The latest book from our publishing team sheds some light on animals that go bump in the night to help you find these elusive yet amazing critters.

A spotted quoll on a rock - wildlife after dark

Our latest book shines a light on the creatures of the night. © Bruce Thomson

Are you a bit of night owl – sleeping all day and awake all night? Don’t worry, you’re not alone. There are plenty of other creatures stirring in the wee small hours.

Some animals prefer the cover of darkness and so, although widespread, are rarely seen. Thankfully a new book from our publishing team is shedding some light on those that go bump in the night.

We’re not just talking about the usual suspects like possums and owls either. Australian Wildlife After Dark has all you need to know about the familiar and not-so-familiar species from bandicoots to bats and birds.

The book is written by Martyn Robinson, familiar to many Australians through his appearances on ABC Radio and in Burke’s Backyard magazine, and Bruce Thomson, an internationally-renowned wildlife photographer and bat researcher.

Nocturnal animals have evolved to help them survive life on the dark side. They have super powers like good low-light eyesight, keen hearing (or echolocation in the case of bats) and acute senses of smell to navigate and sniff out food in the dark.

The book can help you with finding elusive wildlife after dark but for now, here’s a sneak peek at some of the dark secrets the book reveals about our night-time neighbours.


Sea turtles like the Loggerhead Turtle prefer to head onto the beach at night to lay their eggs. If you’ve ever tried to eat your lunch on the beach, you’ll understand why. A turtle nesting by day runs the risk of having their eggs snatched by hungry seagulls and other sea birds like they would steal your fish and chips!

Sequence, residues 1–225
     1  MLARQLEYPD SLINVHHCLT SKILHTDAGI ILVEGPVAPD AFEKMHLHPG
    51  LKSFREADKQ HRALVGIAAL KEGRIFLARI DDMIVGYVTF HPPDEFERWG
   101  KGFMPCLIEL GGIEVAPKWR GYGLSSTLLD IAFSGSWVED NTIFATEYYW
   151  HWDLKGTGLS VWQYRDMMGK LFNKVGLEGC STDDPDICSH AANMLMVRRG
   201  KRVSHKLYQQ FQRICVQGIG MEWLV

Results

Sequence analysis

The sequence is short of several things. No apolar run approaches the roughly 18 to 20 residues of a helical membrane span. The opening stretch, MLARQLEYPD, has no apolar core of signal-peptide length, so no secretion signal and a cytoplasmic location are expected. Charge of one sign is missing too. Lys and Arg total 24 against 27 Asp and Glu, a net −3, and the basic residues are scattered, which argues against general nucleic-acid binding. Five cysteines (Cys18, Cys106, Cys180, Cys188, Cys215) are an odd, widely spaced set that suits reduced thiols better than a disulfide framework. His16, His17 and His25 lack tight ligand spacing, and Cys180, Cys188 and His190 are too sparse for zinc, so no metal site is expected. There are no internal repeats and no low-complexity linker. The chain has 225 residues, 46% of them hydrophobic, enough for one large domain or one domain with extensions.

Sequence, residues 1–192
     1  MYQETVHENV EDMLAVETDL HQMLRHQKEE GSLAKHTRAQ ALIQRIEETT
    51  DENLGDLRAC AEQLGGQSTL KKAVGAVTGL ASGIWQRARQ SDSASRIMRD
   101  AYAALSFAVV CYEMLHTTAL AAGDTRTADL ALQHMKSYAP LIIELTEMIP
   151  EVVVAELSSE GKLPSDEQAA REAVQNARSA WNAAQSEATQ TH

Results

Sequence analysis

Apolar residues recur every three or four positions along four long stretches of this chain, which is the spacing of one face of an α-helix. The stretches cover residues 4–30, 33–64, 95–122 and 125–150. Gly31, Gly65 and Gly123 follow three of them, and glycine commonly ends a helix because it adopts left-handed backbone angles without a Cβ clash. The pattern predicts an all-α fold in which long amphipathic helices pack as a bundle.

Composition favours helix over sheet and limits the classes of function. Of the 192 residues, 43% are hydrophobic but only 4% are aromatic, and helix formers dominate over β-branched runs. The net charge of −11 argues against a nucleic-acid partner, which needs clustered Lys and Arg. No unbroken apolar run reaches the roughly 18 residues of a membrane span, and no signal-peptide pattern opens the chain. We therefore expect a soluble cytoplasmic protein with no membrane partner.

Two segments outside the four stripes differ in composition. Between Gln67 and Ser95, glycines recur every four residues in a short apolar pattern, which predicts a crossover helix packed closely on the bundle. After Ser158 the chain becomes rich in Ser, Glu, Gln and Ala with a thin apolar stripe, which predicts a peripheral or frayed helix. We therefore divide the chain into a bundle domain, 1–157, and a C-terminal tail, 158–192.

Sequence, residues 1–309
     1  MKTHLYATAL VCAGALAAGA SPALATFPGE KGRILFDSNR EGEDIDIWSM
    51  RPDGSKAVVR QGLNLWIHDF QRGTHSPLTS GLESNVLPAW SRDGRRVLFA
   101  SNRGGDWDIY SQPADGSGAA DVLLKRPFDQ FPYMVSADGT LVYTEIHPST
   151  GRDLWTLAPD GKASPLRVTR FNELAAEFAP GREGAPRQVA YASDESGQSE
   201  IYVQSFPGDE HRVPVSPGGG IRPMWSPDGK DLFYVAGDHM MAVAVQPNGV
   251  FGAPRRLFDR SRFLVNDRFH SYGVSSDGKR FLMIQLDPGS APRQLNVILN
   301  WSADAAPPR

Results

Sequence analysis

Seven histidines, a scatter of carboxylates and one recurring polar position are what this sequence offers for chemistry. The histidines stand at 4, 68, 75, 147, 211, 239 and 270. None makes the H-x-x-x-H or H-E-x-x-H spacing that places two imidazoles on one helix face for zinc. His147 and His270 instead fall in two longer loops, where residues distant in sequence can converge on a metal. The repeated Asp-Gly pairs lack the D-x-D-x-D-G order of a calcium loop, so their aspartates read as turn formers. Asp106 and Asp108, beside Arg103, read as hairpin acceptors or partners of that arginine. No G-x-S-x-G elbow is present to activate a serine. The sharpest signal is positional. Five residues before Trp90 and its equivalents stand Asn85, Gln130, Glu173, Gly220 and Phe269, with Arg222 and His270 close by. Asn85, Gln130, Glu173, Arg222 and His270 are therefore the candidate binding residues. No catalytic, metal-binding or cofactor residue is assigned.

Flying foxes   

Flying foxes, or fruit bats, have excellent eyesight for nocturnal navigation and a highly developed sense of smell for finding food at night. Their nightly travels can be more than 20km searching for fruit, nectar and night-blooming flowers.


There are lots of different varieties of geckos in Australia but they do share a few common traits. They have a transparent scale covering their eyes so they can’t blink and they prefer to spend their waking hours in the darkness. To get some ‘shut eye’ during the day, they reduce the size of their pupils to narrow slits to shut the light out. Hot direct sunlight is not ideal for a gecko anyway, so they often head for hiding spots as dawn approaches.


The sound of frogs croaking in the night is a familiar sound for lots of Aussies and that’s because most species are nocturnal. The humid but cool air of the night is more suited to these moisture-loving amphibians.


Quoll numbers have declined since European settlement and most species are rare or endangered. They have keen eyesight but an even better sense of smell for finding prey. They usually do their hunting at night as they sneak up on sleeping birds and ambush small mammals on the forest floor.

So if you no longer want to be in the dark, pick up a copy of Australian Wildlife After Dark from our publishing bookstore.